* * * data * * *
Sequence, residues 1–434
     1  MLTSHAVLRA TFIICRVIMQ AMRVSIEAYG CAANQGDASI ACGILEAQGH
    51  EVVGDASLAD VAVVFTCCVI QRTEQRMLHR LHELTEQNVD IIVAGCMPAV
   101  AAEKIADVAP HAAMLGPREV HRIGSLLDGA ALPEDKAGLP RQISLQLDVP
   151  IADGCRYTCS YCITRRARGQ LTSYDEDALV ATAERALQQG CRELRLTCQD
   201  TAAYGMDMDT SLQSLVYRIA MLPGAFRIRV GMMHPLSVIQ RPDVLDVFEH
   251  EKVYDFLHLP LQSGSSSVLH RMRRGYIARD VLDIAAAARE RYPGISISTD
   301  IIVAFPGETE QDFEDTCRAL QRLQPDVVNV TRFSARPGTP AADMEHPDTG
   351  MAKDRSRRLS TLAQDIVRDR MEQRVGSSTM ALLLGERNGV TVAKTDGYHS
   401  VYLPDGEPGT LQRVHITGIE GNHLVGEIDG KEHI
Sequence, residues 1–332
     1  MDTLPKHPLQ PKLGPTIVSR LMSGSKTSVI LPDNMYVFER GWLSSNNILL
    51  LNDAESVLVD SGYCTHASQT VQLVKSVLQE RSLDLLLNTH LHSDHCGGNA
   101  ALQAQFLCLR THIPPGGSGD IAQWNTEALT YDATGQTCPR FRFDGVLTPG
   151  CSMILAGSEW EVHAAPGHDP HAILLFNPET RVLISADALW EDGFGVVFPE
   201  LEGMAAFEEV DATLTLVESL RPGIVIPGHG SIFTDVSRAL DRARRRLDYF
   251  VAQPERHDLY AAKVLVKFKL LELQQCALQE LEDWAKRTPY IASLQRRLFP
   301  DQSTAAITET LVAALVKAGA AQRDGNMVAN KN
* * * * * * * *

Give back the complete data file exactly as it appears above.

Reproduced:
Sequence, residues 1–434
     1  MLTSHAVLRA TFIICRVIMQ AMRVSIEAYG CAANQGDASI ACGILEAQGH
    51  EVVGDASLAD VAVVFTCCVI QRTEQRMLHR LHELTEQNVD IIVAGCMPAV
   101  AAEKIADVAP HAAMLGPREV HRIGSLLDGA ALPEDKAGLP RQISLQLDVP
   151  IADGCRYTCS YCITRRARGQ LTSYDEDALV ATAERALQQG CRELRLTCQD
   201  TAAYGMDMDT SLQSLVYRIA MLPGAFRIRV GMMHPLSVIQ RPDVLDVFEH
   251  EKVYDFLHLP LQSGSSSVLH RMRRGYIARD VLDIAAAARE RYPGISISTD
   301  IIVAFPGETE QDFEDTCRAL QRLQPDVVNV TRFSARPGTP AADMEHPDTG
   351  MAKDRSRRLS TLAQDIVRDR MEQRVGSSTM ALLLGERNGV TVAKTDGYHS
   401  VYLPDGEPGT LQRVHITGIE GNHLVGEIDG KEHI
Sequence, residues 1–332
     1  MDTLPKHPLQ PKLGPTIVSR LMSGSKTSVI LPDNMYVFER GWLSSNNILL
    51  LNDAESVLVD SGYCTHASQT VQLVKSVLQE RSLDLLLNTH LHSDHCGGNA
   101  ALQAQFLCLR THIPPGGSGD IAQWNTEALT YDATGQTCPR FRFDGVLTPG
   151  CSMILAGSEW EVHAAPGHDP HAILLFNPET RVLISADALW EDGFGVVFPE
   201  LEGMAAFEEV DATLTLVESL RPGIVIPGHG SIFTDVSRAL DRARRRLDYF
   251  VAQPERHDLY AAKVLVKFKL LELQQCALQE LEDWAKRTPY IASLQRRLFP
   301  DQSTAAITET LVAALVKAGA AQRDGNMVAN KN